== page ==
Thus began a three-year string of near-misses for the Mets; they would be eliminated on the final day of the regular season to wind up outside the playoff picture in each of the next two years. Though his overall numbers took a dip in 2007, Delgado hit .321/.383/.566 with four homers in September, but also missed 14 games due to a right hip flexor strain, and the team's 6-8 record in his absence contributed to its falling a game short. The hip would continue to cause problems, as he missed time the following spring and started slowly (.198/.297/.323 in April), but he improved as the year went on and put up another monster September (.340/.400/.649 with eight homers) to finish with 38 homers. But again, the Mets fell a buck short.
Delgado's strong finish in 2008 left him just 31 homers from 500, and it appeared he still had something left in the tank heading into his age-37 season. The Mets picked up his $12 million option for '09, but soon had cause to regret it. He started well, but after playing just 26 games, Delgado needed surgery to repair a torn right hip labrum in late May, and couldn't return before season's end. After undergoing microfracture surgery in the same hip in December, he attempted a comeback with the Red Sox in late 2010, but he played in just five minor league games before pain and problems with his other hip proved too much to surmount. He announced his retirement in April 2011.
Had Delgado reached 500 home runs — a shortfall that owes as much to his being trapped in Triple A in 1994-95 as to having played his final major league game before his 37th birthday — he might have had a fighting chance at Cooperstown. Even with that particular currency having been devalued due to the proliferation of home runs, his numbers hold up well in the context of the era, and they're bolstered by his strong rate stats and a reputation free of PED use. His 457 homers from 1996 to 2008, the heart of his career, were the majors' sixth-highest total. His 1,454 RBIs during that span are third behind only Alex Rodriguez (1,585) and Manny Ramirez (1,553), and his 140 OPS+ is 15th among players with at least 5,000 plate appearances, surrounded by Frank Thomas (143), Todd Helton (142), Mike Piazza (14) and Brian Giles (139) on the leaderboard.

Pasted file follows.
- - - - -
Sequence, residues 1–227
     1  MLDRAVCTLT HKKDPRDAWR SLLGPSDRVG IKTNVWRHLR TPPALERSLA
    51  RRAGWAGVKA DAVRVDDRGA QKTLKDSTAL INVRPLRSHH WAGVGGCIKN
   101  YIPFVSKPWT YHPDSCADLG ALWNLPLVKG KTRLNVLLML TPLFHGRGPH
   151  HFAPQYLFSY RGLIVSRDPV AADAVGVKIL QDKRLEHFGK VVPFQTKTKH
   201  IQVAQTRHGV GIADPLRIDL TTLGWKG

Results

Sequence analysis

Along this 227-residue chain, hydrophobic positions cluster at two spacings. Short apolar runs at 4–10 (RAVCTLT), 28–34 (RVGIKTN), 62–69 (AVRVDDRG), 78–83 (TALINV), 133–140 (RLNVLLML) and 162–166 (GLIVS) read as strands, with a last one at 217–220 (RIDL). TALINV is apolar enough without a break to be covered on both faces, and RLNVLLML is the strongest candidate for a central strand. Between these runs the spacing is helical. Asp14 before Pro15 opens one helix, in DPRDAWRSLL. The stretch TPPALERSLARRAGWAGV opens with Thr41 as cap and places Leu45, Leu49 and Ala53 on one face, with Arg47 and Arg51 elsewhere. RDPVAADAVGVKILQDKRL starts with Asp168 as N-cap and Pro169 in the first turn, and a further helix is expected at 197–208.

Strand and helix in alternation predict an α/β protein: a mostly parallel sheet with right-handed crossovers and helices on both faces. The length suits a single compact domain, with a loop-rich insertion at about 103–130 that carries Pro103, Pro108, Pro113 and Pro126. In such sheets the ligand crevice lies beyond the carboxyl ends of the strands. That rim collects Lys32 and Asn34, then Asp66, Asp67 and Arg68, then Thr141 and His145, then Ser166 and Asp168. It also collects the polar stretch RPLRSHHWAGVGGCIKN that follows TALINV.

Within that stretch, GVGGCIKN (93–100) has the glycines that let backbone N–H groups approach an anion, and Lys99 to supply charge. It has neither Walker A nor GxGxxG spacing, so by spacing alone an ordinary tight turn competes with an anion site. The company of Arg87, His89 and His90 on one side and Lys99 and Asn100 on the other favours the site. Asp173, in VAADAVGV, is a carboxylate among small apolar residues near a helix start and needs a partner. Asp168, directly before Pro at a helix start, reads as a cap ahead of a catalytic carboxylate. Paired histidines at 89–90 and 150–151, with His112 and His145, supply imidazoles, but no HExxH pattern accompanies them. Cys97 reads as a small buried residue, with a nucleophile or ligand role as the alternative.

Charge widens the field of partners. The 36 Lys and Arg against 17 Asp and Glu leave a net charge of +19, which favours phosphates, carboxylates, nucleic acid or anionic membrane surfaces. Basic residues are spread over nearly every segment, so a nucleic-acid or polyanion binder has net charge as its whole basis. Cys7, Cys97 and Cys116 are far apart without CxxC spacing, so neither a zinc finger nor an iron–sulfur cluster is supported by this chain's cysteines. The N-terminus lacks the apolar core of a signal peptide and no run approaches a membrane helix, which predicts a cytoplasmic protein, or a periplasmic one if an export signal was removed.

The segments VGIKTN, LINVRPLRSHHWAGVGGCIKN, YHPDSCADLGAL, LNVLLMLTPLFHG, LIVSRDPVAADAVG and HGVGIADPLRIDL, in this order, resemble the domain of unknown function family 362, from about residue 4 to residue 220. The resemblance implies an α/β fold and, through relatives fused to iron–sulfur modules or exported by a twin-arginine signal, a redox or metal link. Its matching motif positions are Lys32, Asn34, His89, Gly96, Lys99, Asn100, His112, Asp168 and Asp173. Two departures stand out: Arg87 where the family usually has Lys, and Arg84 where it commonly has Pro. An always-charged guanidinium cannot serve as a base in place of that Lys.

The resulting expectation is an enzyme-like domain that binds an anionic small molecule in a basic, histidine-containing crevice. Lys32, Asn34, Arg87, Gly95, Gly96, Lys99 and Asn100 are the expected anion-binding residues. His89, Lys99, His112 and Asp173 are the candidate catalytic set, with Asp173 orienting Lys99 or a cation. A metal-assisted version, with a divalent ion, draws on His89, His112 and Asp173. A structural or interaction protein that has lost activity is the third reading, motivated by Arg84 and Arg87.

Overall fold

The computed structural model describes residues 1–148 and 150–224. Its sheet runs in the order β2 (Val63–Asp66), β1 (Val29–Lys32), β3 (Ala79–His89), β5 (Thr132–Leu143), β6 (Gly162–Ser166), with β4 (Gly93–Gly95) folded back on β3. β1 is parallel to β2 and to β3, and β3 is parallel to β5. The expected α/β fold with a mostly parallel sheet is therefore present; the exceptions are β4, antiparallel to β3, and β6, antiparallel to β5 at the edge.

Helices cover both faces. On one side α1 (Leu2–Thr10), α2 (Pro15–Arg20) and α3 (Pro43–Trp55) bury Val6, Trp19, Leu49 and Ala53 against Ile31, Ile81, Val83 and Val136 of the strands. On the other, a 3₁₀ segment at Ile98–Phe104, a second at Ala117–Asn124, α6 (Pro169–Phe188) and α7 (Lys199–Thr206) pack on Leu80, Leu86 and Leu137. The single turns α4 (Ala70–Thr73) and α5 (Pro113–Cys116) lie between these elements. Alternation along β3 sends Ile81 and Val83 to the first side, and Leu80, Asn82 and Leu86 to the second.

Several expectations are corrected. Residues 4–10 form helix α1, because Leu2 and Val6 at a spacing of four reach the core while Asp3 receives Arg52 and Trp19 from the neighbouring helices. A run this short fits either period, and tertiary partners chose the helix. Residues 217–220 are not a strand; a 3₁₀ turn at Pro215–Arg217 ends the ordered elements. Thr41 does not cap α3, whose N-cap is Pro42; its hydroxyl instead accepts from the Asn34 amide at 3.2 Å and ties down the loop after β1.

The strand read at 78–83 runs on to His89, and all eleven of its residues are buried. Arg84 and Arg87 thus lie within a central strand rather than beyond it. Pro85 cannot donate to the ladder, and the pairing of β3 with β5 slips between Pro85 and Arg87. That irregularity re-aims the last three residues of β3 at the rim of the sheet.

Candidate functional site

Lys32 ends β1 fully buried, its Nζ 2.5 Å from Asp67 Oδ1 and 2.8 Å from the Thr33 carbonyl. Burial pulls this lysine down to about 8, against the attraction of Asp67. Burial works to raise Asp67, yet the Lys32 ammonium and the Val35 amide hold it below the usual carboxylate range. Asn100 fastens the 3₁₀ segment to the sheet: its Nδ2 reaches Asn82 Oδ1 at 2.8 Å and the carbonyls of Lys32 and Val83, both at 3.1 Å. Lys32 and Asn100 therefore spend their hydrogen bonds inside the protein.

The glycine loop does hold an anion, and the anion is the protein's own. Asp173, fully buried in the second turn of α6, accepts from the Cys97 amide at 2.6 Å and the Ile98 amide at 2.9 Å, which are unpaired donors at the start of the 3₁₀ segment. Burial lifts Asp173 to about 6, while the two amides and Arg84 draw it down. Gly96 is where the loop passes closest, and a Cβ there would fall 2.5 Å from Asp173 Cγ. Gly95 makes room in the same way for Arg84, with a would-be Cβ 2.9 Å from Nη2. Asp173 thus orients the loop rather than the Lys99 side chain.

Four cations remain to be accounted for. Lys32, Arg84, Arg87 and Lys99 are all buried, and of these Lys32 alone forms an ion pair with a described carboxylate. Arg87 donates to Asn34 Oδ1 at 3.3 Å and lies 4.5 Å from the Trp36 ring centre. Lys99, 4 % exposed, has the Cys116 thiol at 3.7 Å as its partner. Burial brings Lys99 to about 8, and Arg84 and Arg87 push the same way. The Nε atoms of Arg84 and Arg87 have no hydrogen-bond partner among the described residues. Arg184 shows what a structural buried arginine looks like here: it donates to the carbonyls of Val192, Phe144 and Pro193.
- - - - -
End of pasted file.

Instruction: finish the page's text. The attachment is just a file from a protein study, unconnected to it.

Though he doesn't have a whole lot to point to in terms of All-Star appearances (just two), awards, league leads, postseason performances and milestones, Delgado scores 110 ("a good possibility") on the Bill James Hall of Fame Monitor, which captures the types of accomplishments not reflected by WAR. His 44 on James' similar Hall of Fame Standards metric, which credits him for career accomplishments relative to players already in the Hall, is slightly below average. Both figures are similar to those of another top-flight slugger who fell short of 500 and who's currently on the ballot: Fred McGriff (100 and 48, respectively).
Like McGriff, Delgado doesn't score well in terms of advanced metrics, where his subpar baserunning (-25 runs) and defense (-65 runs) cut into his value; he finished with just three seasons above 5.0 WAR, and six above 3.0. His 44.3 career WAR is 21.2 wins below the standard of enshrined first basemen and ranks 37th among all first basemen, just below Gil Hodges (44.9) and a couple of notches above Don Mattingly (42.2). Neither is ticketed for Cooperstown anytime soon, and only two enshrined first basemen rank lower. Likewise, Delgado's 34.5 peak WAR, while about seven wins shy of the standard, is tied for 34th with Hall of Famer Orlando Cepeda, but still ahead of just three enshrined first basemen. In all, he's 35th in JAWS, sandwiched between Hodges and Mattingly, 15 points below the standard.
With such a crowded ballot, Delgado doesn't figure to get more than token support, and he will likely fall short of the 5.0 percent needed to remain eligible. But while he may not have the numbers to warrant a Hall of Fame plaque, he has left behind an impressive legacy: that of a top-flight athlete willing to take a stand on things that mattered far from the playing field.